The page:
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Page Title: The Department of Defense (DOD)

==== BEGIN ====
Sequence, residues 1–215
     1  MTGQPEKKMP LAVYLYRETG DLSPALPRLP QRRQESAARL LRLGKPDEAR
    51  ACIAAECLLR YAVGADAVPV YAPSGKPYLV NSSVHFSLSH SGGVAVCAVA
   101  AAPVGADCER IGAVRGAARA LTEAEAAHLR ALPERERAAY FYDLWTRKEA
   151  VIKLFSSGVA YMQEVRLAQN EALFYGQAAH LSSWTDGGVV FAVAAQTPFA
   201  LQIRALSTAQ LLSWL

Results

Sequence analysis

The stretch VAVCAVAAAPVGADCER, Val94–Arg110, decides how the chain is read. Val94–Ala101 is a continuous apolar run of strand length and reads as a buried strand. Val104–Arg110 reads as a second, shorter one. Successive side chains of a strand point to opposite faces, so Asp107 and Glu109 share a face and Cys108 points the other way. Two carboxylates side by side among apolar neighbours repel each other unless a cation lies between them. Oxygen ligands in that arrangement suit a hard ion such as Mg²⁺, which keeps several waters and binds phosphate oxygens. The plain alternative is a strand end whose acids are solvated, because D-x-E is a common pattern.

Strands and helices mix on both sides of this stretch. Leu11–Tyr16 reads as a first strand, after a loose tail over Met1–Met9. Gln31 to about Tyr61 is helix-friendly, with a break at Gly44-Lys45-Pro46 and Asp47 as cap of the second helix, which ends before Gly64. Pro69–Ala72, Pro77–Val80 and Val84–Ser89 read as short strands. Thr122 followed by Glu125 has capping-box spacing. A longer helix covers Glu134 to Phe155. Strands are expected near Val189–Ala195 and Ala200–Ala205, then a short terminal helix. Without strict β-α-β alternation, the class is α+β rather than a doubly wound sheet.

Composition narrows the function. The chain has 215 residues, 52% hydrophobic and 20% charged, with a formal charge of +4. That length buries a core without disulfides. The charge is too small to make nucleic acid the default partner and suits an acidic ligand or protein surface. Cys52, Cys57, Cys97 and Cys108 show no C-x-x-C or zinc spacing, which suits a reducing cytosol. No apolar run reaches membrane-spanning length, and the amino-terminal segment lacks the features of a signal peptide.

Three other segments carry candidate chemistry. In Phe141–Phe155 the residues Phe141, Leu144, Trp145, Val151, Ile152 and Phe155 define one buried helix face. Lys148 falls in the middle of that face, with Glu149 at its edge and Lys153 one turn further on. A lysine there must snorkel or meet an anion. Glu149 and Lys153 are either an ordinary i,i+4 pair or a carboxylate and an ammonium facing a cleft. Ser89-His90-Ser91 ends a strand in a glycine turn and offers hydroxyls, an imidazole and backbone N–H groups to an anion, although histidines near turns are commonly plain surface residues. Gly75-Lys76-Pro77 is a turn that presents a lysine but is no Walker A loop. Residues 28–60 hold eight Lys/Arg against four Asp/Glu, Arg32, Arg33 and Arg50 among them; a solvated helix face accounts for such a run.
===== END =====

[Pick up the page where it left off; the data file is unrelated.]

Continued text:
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THE  DEPARTMENT  OF  DEFENSE (DOD) In  1949  Congress  amended  the  National Security Act of 1947 to create the Department of Defense  (DOD),  In  enacting  this  amendment, Congress  set  forth  the  following  three  primary provisions: The   establishment   of   a   Department   of Defense,   including   the   three   Military Departments  of  the  Army,  the  Navy (including naval aviation and the United States  Marine  Corps),  and  the  Air  Force under the direction, authority, and control of  the  Secretary  of  Defense The  separate  organization  of  each  military department  under  its  own  Secretary The  establishment  of  unified  or  specified combatant   commands   and   a   clear   and direct line of command to such commands We  discussed  the  awesome  power  of  the President of the United States as Commander in Chief earlier in this chapter. The Commander in Chief must be kept abreast of all matters affecting the  ability  of  the  Department  of  Defense  to properly defend the United States and its allies. The  Department  of  Defense  is  the  largest government agency in the United States. It spends a  major  portion  of  the  national  budget  and employs  nearly  4  million  people  (military  and civilian).  The  DOD  was  crested  to  carry  out  the military  policies  of  the  United  States. MISSION Simply  stated,  the  mission  of  the  DOD  is  to maintain and employ armed forces to accomplish the  following: Support  and  defend  the  Constitution  of  the United States against all enemies Protect the United States, its possessions, and areas vital to its interests Advance the policies and interests of the United States Safeguard   the   internal   security   of   the United  States SECRETARY OF DEFENSE (SECDEF) The  Secretary  of  Defense  (SECDEF)  functions as a member of both the President’s cabinet and the  National  Security  Council.  The  Secretary  of Defense is delegated all the functions vested in the President regarding the DOD, including powers, duties,  and  authorities.  In  this  capacity,  SECDEF exercises  “direction,  authority,  and  control  over the  Department  of  Defense”  and  reports  to  the President on all military matters concerning the department.  SECDEF,  therefore,  serves  as  the principal assistant to the President in all matters relating  to  the  DOD.  The  Deputy  Secretary  of Defense   assists   SECDEF   by   supervising   and coordinating the activities of the department and substituting  for  SECDEF  during  absence  or disability. STRATEGIC   NUCLEAR DETERRENCE The  United  States  uses  a  TRIAD  of  three closely  related  strategic  nuclear  forces  as  a deterrent   against   a   potential   enemy.   These nuclear  forces  consist  of  the  U.S.  Navy’s  SEA- LAUNCHED   BALLISTIC   MISSILES   and   the U.S.   Air   Force’s   INTERCONTINENTAL   BAL- LISTIC   MISSILES   (ICBMs)   and   LONG- RANGE   BOMBERS. The probability of a strategic nuclear attack on  the  United  States  is  very  low.  However,  should we  ever  experience  such  an  attack,  the  conse- quences  would  be  catastrophic.  The  TRIAD  has been developed and maintained to deter nuclear attack. Similarly, the Soviet Union has developed and  is  maintaining  powerful  strategic  forces  of  its own.  Our  objective  is  to  obtain  a  condition  of essential  equivalence—a  condition  in  which  the following  situations  occur: 1. 2. 3. 4. Soviet  strategic  nuclear  forces  do  not become  effective  instruments  of  political leverage  or  coercion. Nuclear stability is maintained. Advantages in strategic force characteristics possessed   by   the   Soviets   are   offset   by advantages of the United States in other characteristics. U.S. strategic forces are not, nor are they perceived to be, inferior in performance to those  of  the  Soviet  Union. The credibility of our TRIAD as perceived by potential opponents and allies is very important. If  they  perceive  that  our  TRIAD  does  not  exist or is weak, regardless of the facts, it will no longer serve to deter an attack. This condition of essential equivalence should produce a mutual deterrence that is so stable it will  not  be  upset  in  a  crisis.  The  United  States 11-4

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